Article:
tracking bitmain's insane growth from 2013 to today.
|Sep 27||Public post|| 1|
Messari’s Unqualified Opinions Issue #5
Bitmain dropped a 432-page disclosure report yesterday in preparation for its IPO on the Hong Kong Stock Exchange. KWu’s got you covered. Pushing my (TBI) part two post from Tues - how to simply regulate crypto liquidity providers - to Monday instead.
Is Bitmain unstoppable?
After months of speculation, Bitmain is officially on the path to doing an IPO (yes, your traditional stock market kind, not an ICO) on the Hong Kong Stock Exchange.
Yesterday, the company filed its 432-page application to be reviewed for listing. (Chinese version here, English version here) Of course, I sat down immediately and started pouring through the details.
Some interesting stats for you to know:
ON BITMAIN’S FINANCIALS
In the first half of 2018, Bitmain’s revenue was $2.845 billion, with a net profit of $1.123 billion. 95% (!!) of revenue comes from the sale of $2.56 billion in mining hardware. Surprisingly, only 3.3% of Bitmain’s year-to-date revenue comes from “proprietary mining”.
(Editors note: an earlier edition of this newsletter misstated the $2.56 billion figure)
It take money to make money: the company’s cost of sales in this time period was up over $1.8 billion - 64% of revenue.
[TBI Note: The company reported Q1 and Q2 of 2018 on a consolidated basis, so a major missing data point is to understand how cost of sales changed QoQ. Difficulty has been skyrocketing, while prices have more than halved, and Bitmain rigs are market priced on a near real-time basis. It’s unclear how far gross margin has fallen, but if I were a betting man (and I am), I’d think Q1 GM% would be closer to 50%, and Q2 closer to 20%. The viciousness of the mining market.]
Surprised by the 3.3% revenue figure from “proprietary mining” (aka self-mining)? Bitmain offers this in the disclosures document:
“In additional to offering products and services to our customers, we also engage in proprietary mining. To capture the profitable returns of cryptocurrency mining, we will utilize mining hardware to mine cryptocurrencies ourselves”. In terms of revenue generated by mining, self-mining has been steadily declining from 20.3% of total revenue in 2015, 19.3% in 2016, 7.9% in 2017, and 3.3% in (the first six months) of 2018.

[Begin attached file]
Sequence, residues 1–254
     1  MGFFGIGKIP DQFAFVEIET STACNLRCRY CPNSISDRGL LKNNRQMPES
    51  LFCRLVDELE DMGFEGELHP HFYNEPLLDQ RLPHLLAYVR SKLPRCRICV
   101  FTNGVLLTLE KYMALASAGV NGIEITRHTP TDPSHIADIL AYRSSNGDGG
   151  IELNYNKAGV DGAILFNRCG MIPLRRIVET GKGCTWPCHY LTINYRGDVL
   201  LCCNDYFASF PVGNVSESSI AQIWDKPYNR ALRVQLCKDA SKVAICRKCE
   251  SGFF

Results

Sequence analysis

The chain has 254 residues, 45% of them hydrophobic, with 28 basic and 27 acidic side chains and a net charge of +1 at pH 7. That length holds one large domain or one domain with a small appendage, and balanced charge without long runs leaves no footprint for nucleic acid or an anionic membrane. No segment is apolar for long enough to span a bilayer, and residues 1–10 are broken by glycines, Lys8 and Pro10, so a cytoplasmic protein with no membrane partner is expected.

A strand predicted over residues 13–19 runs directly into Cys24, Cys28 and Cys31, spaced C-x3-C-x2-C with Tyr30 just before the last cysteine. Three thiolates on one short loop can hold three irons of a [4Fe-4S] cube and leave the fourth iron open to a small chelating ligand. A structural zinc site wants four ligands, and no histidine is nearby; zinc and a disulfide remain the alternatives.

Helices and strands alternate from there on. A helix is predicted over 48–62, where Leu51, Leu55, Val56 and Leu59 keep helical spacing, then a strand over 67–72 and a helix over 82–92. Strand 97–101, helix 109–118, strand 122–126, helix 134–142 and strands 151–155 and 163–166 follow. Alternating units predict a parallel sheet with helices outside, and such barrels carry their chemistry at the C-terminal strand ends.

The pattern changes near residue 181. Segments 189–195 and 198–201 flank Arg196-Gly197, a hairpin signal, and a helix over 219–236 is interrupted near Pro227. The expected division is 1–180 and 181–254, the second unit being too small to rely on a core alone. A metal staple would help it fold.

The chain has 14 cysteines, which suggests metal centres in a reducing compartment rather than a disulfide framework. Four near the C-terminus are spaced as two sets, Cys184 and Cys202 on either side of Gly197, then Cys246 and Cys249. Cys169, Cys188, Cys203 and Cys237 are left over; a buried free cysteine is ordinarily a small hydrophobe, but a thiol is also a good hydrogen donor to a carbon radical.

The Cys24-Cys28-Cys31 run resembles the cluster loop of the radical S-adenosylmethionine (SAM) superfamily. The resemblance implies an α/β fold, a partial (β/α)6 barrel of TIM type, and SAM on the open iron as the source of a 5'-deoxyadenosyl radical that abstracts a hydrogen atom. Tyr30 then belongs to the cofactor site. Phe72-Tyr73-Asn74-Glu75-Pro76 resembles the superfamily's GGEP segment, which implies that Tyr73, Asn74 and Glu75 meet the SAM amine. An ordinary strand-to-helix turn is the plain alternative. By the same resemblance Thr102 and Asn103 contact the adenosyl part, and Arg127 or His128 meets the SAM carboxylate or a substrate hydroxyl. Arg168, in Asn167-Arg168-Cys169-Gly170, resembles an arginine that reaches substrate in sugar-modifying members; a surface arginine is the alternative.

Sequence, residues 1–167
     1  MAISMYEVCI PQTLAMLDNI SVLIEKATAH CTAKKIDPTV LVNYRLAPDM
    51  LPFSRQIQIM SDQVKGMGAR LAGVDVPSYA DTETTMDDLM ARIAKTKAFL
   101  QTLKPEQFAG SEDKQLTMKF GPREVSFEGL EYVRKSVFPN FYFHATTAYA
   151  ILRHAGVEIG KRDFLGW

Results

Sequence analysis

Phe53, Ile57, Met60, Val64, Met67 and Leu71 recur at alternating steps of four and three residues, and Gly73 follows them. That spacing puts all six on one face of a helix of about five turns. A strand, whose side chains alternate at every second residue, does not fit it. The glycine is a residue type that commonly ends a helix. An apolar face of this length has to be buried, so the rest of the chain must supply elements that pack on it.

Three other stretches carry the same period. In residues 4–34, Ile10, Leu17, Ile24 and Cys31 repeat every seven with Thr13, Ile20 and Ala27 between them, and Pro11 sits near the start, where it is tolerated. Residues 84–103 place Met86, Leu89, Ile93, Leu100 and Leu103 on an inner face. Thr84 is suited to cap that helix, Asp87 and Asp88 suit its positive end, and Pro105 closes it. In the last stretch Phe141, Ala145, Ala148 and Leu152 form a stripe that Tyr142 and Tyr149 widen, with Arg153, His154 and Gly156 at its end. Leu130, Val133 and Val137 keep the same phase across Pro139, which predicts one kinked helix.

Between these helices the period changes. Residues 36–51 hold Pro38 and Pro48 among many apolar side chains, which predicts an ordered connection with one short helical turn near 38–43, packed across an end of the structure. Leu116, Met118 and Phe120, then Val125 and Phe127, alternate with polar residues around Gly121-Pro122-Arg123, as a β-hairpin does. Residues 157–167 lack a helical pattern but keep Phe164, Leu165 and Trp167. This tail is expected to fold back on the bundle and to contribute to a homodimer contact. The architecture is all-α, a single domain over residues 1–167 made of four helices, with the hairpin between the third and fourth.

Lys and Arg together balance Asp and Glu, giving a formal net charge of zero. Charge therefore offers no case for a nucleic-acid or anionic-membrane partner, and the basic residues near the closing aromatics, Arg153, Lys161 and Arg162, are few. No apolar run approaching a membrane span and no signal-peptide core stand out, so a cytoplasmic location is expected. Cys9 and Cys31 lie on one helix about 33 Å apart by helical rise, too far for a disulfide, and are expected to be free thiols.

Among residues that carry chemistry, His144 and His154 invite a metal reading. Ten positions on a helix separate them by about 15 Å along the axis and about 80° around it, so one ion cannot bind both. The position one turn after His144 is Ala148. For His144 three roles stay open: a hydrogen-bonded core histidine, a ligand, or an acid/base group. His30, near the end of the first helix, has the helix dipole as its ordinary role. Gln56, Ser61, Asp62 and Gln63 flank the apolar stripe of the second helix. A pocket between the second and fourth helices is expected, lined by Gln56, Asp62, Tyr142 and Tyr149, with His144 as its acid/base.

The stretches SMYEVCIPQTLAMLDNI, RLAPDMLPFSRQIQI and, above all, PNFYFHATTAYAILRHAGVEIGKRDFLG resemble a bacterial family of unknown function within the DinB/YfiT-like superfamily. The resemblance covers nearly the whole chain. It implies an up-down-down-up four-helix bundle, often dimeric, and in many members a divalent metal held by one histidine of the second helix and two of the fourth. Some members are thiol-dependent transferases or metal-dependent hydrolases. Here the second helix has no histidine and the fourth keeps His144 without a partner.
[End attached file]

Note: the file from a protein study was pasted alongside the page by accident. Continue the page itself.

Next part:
Aside from selling the crypto mining hardware, Bitmain maintains and operates a number of mining farms and mining pools, including 11 in mainland China: Sichuan, Xinjiang, Inner Mongolia, etc. These farms, in aggregate, can hold ~200,000 mining rigs. Bitmain also operates two mining pools (BTC.com and Antpool), the two largest Bitcoin mining pools in the world in terms of computing power.
Together, the two mining pools contributed ~37.1% of the aggregate hash rate of the bitcoin network. While BTC.com mainly targets Bitcoin and Bitcoin Cash, Antpool mines ten types of cryptocurrency, including Bitcoin, Bitcoin cash, Ether, Litecoin, and Dash. Bitmain generally collects up to 5% of the total mining rewards generated from its operation of the mining pools.
Bitmain also has three mining farms currently under construction in the U.S.: Washington State, Texas, and Tennessee. The expected operational date is 2019 Q1, and a maintenance/repair center will also be set up in Washington. Bitmain is considering setting up mining farms in Canada’s Quebec province, as well.
Bitmain runs operations (offices, warehouses, operational uses) around the world, including Hong Kong, the U.S., Brazil, Georgia, Israel, Kyrgyzstan, Malaysia, the Netherlands, Russia, Singapore, and Switzerland.
ON THE IPO
Bitmain plans to list on the Hong Kong Stock Exchange via a weighted voting right structure. For those unfamiliar, “weighted voting” was only recently approved by the HKSE earlier this year. This is only allowed for what the exchange deems to be ‘innovative’ tech companies with a $10 billion+ HKD market cap and $1 billion+ HKD revenue in its most recent financial year (divide by eight for the USD equivalent). The structure essentially introduces dual listings in Hong Kong by technology companies who are already listed in the US as ADRs.
Bitmain’s two largest shareholders are, unsurprisingly, its two founders, Micree Zhan and Jihan Wu. But most people don’t realize that Jihan is actually the #2 at the company in terms of ownership. Today, Micree Zhan owns 36% of Bitmain, while Jihan Wu owns 20.25%.
ON BITMAIN’S TEAM
As of June of 2018, Bitmain was up to 840 (!!) full time engineers on their research and development team. That is ~30% of its entire team, making Bitmain a 2500+ person company. The focus for the engineering team: chip design, algorithm development, platform architecture, software, and hardware development.
On the marketing front, Bitmain states that they rely mostly on ‘word-of-mouth’ branding, as they have “only” a team of 74 people for sales and marketing. Full breakdown:
Not-so-fun fact: Bitmain does note it is a risk that none of their current employees are currently represented by labor unions.
ON BITMAIN’S STRATEGY & BUSINESS MODEL
Bitmain’s own customer base grew from 6,000 customers in 2015 to 80,000 customers in just the first six months of 2018. The 50-50 split between Chinese and international buyers has come down quite a bit as the company has pushed further internationally.